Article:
can easily be calculated by inspection of the full adder circuit. Each full adder requires three levels of logic. In a 32-bit ripple-carry adder, there are 32 full adders, so the critical path (worst case) delay is 3 (from input to carry in first adder) + 31 × 2 (for carry propagation in latter adders) = 65 gate delays.
The general equation for the worst-case delay for a ''n''-bit carry-ripple adder, accounting for both the sum and carry bits, is
A design with alternating carry polarities and optimized AND-OR-Invert
gates can be about twice as fast.
To reduce the computation time, engineers devised faster ways to add two binary numbers by using carry-lookahead adder
s (CLA). They work by creating two signals (''P'' and ''G'') for each bit position, based on whether a carry is propagated through from a less significant bit position (at least one input is a 1), generated in that bit position (both inputs are 1), or killed in that bit position (both inputs are 0). In most cases, ''P'' is simply the sum output of a half adder and ''G'' is the carry output of the same adder. After ''P'' and ''G'' are generated, the carries for every bit position are created. Some advanced carry-lookahead architectures are the Manchester carry chain
, Brent–Kung adder
and the Kogge–Stone adder
Some other multi-bit adder architectures break the adder into blocks. It is possible to vary the length of these blocks based on the propagation delay
of the circuits to optimize computation time. These block based adders include the carry-skip (or carry-bypass) adder
which will determine ''P'' and ''G'' values for each block rather than each bit, and the carry-select adder
which pre-generates the sum and carry values for either possible carry input (0 or 1) to the block, using multiplexers to select the appropriate result ''when'' the carry bit is known.
By combining multiple carry-lookahead adders, even larger adders can be created. This can be used at multiple levels to make even larger adders. For example, the following adder is a 64-bit adder that uses four 16-bit CLAs with two levels of lookahead carry unit
Other adder designs include the carry-select adder
, conditional sum adder
, carry-skip adder
, and carry-complete adder.
If an adding circuit is to compute the sum of three or more numbers, it can be advantageous to not propagate the carry result. Instead, three-input adders are used, generating two results: a sum and a carry. The sum and the carry may be fed into two inputs of the subsequent 3-number adder without having to wait for propagation of a carry signal. After all stages of addition, however, a conventional adder (such as the ripple-carry or the lookahead) must be used to combine the final sum and carry results.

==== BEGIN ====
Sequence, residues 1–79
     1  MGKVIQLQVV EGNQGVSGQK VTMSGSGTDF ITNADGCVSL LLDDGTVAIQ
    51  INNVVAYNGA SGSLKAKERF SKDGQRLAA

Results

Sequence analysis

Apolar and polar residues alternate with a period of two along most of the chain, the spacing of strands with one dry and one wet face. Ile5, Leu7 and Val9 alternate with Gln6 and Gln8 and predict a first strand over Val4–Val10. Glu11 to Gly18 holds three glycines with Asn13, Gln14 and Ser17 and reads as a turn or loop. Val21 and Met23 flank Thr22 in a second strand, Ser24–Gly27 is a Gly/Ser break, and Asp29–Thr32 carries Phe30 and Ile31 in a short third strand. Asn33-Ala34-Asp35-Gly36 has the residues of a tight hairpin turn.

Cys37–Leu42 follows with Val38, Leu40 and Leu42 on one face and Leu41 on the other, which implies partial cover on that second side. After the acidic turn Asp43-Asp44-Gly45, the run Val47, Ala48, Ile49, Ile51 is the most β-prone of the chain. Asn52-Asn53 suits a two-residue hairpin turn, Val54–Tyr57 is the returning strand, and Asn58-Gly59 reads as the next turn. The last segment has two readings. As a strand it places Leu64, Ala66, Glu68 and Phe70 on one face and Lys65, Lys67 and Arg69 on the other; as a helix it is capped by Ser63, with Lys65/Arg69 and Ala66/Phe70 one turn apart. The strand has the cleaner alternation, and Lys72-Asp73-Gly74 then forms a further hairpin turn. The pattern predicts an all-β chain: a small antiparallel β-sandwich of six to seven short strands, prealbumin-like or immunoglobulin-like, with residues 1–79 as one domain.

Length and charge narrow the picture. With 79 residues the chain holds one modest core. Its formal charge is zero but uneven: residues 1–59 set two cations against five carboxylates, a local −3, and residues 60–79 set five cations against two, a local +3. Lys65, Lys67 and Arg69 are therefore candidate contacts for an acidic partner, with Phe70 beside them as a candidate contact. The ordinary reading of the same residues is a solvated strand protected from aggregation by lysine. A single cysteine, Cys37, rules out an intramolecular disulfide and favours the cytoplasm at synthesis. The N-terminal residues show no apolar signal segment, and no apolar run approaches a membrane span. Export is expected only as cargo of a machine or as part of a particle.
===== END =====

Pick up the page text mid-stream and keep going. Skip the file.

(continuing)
A full adder can be viewed as a ''3:2 lossy compressor'': it sums three one-bit inputs and returns the result as a single two-bit number; that is, it maps 8 input values to 4 output values. Thus, for example, a binary input of 101 results in an output of (decimal number 2). The carry-out represents bit one of the result, while the sum represents bit zero. Likewise, a half adder can be used as a ''2:2 lossy compressor'', compressing four possible inputs into three possible outputs.
Such compressors can be used to speed up the summation of three or more addends. If the addends are exactly three, the layout is known as the carry-save adder
. If the addends are four or more, more than one layer of compressors is necessary, and there are various possible designs for the circuit: the most common are Dadda
and Wallace tree
s. This kind of circuit is most notably used in multipliers
, which is why these circuits are also known as Dadda and Wallace multipliers.
* Electronic mixer
— for adding analog signals
Hardware algorithms for arithmetic modules
includes description of several adder layouts with figures.
8-bit Full Adder and Subtractor
Interactive Full Adder Simulation
(requires Java), Interactive Full Adder circuit constructed with Teahlab's online circuit simulator.
Interactive Half Adder Simulation
(requires Java), Half Adder circuit built with Teahlab's circuit simulator.
4-bit Full Adder Simulation
built in Verilog, and the accompanyinRipple Carry Full Adder Video Tutorial